This No Peace Without Justice (NPWJ) news digest rounds up some of the week’s top LGBTI rights stories for the week ending 18 April:
Pete Buttigieg Confronted by Religious Protester in Iowa
Bloomberg, 17 Apr 2019
Des Moines, Iowa (AP) — Democratic presidential candidate Pete Buttigieg says President Donald Trump is “kind of like a Chinese finger trap — you know, the harder you pull, the more you get stuck” and warns that Democrats shouldn’t get bogged down in trying to “knock him flat with some zinger.”
In Iowa for the first time since officially launching his campaign , Buttigieg discussed how to defeat Trump after drawing an audience of more than 1,600 people at a Des Moines rally Tuesday night.
Sultan of Brunei’s honour revoked by University of Aberdeen over anti-LGBT laws
BBC, 17 Apr 2019
An honorary degree awarded by the University of Aberdeen to the Sultan of Brunei has been revoked after his country made gay sex an offence punishable by death. The strict new Islamic laws came into force earlier this month. The university initially said Hassanal Bolkiah’s 1995 honour was under review, and it was then recommended the award be revoked. The university said the honorary degree had now been revoked.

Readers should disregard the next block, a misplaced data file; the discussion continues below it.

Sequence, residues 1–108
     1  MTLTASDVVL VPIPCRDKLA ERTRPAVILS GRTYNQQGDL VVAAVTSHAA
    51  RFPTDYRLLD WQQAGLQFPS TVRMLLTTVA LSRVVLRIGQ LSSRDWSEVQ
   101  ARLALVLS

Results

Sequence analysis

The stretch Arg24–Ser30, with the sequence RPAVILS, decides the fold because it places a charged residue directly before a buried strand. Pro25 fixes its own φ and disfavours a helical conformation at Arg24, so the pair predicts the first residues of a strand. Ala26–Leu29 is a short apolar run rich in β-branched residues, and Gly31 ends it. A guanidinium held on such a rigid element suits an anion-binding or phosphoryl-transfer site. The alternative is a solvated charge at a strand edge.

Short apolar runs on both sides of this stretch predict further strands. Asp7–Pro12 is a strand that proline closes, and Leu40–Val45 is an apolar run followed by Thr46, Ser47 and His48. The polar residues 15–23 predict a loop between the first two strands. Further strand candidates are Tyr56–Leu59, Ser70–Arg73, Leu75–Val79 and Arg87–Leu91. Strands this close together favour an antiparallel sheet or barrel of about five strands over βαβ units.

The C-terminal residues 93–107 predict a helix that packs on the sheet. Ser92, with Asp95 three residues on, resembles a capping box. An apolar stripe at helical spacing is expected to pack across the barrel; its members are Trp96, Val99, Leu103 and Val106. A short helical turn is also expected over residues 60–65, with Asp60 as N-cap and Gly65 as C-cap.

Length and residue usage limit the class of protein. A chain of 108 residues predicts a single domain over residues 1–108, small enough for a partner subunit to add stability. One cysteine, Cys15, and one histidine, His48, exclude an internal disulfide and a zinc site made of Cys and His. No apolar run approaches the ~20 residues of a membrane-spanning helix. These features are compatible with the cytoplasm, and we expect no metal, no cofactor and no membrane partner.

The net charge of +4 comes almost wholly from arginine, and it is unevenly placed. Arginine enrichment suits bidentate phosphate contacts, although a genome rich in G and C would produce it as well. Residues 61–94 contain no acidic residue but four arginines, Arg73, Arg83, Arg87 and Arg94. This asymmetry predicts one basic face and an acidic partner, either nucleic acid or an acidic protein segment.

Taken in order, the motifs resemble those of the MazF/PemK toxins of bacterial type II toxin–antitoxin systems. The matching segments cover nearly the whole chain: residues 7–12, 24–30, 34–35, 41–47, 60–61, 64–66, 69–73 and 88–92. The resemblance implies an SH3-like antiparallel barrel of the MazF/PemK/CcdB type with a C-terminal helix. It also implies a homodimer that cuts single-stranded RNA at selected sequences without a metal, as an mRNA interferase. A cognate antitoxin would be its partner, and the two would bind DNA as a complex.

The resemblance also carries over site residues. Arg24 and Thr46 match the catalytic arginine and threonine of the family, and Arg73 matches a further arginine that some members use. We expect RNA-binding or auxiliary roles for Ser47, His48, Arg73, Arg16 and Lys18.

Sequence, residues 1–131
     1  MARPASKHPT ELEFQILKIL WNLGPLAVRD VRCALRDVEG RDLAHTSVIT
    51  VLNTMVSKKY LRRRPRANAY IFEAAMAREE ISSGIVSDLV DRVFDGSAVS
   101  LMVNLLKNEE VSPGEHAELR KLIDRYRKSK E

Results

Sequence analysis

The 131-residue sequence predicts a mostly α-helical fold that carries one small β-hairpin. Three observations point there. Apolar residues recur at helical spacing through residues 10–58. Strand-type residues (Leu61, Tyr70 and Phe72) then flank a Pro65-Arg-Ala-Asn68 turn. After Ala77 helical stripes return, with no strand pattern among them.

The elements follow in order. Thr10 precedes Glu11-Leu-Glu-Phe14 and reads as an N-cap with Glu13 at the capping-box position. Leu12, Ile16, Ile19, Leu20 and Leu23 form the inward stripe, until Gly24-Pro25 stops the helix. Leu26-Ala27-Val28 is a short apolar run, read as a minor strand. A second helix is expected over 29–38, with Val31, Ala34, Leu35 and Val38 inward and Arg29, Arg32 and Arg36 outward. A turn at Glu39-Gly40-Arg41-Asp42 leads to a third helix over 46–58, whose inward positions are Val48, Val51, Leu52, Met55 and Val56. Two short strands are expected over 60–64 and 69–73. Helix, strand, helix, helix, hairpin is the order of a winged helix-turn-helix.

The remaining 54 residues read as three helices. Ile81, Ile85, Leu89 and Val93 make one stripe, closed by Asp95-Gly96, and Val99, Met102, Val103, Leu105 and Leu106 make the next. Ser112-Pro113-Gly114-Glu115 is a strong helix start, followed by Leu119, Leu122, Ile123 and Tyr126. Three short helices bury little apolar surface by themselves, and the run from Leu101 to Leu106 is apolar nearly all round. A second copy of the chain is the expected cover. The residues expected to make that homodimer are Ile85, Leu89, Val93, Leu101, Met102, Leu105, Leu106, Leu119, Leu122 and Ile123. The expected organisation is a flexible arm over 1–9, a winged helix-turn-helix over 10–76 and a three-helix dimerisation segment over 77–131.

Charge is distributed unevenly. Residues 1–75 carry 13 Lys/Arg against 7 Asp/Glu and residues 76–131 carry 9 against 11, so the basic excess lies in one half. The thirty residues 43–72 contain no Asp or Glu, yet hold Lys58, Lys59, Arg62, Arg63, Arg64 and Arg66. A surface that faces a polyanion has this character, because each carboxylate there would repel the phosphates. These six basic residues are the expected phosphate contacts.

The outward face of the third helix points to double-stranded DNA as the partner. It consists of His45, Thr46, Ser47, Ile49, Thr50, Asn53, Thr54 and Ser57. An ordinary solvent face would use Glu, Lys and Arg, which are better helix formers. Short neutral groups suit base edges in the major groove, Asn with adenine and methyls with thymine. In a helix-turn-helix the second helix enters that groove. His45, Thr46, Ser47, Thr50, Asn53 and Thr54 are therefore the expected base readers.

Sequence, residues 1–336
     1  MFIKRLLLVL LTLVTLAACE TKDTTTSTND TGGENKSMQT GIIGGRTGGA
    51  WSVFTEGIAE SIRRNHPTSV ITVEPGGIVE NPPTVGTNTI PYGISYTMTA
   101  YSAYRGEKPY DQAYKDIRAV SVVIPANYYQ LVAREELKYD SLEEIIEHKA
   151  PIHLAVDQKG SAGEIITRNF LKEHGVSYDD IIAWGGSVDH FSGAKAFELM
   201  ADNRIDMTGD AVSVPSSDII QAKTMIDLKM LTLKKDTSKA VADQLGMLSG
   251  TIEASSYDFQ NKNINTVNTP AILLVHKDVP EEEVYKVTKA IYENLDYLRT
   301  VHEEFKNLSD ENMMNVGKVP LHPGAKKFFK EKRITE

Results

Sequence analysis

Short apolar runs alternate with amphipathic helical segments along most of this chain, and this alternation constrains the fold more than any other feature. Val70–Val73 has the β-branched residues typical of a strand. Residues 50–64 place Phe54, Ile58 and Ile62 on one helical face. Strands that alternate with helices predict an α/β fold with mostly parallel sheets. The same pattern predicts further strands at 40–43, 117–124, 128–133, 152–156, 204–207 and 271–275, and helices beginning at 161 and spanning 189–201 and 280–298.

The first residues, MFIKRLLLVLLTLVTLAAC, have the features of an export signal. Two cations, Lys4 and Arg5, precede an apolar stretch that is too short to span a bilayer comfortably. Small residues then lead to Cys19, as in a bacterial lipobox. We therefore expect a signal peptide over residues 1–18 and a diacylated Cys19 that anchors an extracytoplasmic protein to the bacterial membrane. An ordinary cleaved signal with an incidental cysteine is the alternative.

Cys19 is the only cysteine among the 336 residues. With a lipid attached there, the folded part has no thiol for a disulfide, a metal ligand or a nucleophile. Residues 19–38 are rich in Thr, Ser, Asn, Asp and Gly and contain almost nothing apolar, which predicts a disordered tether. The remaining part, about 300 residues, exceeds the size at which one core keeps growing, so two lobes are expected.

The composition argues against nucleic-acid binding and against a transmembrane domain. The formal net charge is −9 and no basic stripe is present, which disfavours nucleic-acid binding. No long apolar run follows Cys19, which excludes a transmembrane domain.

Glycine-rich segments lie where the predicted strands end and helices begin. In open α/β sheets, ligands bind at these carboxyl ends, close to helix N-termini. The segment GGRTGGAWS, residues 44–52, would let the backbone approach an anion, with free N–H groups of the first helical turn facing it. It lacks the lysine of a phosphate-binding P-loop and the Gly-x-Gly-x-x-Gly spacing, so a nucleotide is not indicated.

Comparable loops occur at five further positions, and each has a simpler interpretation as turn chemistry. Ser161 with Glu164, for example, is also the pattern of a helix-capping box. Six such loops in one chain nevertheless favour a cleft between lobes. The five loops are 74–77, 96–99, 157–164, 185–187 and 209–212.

Revealed: British police received £150,000 to train Brunei officers
The Guardian, 17 Apr 2019
British police were paid £151,000 to provide leadership training to senior officers in Brunei, some of whom may now be involved in imposing draconian new laws that punish gay sex and adultery with death by stoning.
The College of Policing, an arm’s-length body of the Home Office, provided 235 days’ worth of training to eight Brunei police officers between 2012 and 2016, according to a freedom of information response.
New criminal code ‘good news’ for LGBTI community
Prishtina Insight, 15 Apr 2019
The Center for Equality and Liberty of the LGBTI community in Kosovo, CEL, celebrated the entry into force of amendments to Kosovo’s Criminal Code on Monday, which provides stronger legal protection for the LGBTI community in the country.
The adoption of these amendments follows more than six years of work, when amendments of the penal code were initially demanded in 2013. The government created an advisory and coordination group tasked with reviewing the Criminal Code and proposing recommendations for further protection of the LGBTI community.
Q&A: A Media Haven for Europe’s LGBTI Roma
Open Society Foundations, 11 Apr 2019
You recently launched an independent multimedia platform called Queer Roma TV (QRTV). Tell us more about it?
QRTV’s main goal as a digital TV station is to provide greater visibility to members of the queer Roma community and to bring marginalized people together. Our hope is that by doing this, we’ll show people how much diversity and complexity there is within these communities, which are often and mistakenly seen as monolithic.